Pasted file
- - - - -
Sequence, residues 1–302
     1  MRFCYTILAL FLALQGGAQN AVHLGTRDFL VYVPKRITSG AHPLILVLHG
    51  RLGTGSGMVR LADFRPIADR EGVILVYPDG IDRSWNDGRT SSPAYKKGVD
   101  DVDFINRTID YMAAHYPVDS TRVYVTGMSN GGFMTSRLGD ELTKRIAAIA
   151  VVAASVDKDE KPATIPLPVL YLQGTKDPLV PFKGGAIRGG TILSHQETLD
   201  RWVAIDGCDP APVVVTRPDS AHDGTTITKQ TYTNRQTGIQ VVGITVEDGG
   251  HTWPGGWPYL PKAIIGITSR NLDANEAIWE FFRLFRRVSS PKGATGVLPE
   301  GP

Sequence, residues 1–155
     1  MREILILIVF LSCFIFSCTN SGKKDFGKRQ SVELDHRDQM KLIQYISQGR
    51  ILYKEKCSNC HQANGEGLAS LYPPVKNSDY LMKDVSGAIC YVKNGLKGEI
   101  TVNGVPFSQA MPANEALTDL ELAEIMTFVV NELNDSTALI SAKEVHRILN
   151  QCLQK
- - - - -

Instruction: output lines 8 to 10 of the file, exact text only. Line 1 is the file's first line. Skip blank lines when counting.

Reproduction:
   301  GP

Sequence, residues 1–155
     1  MREILILIVF LSCFIFSCTN SGKKDFGKRQ SVELDHRDQM KLIQYISQGR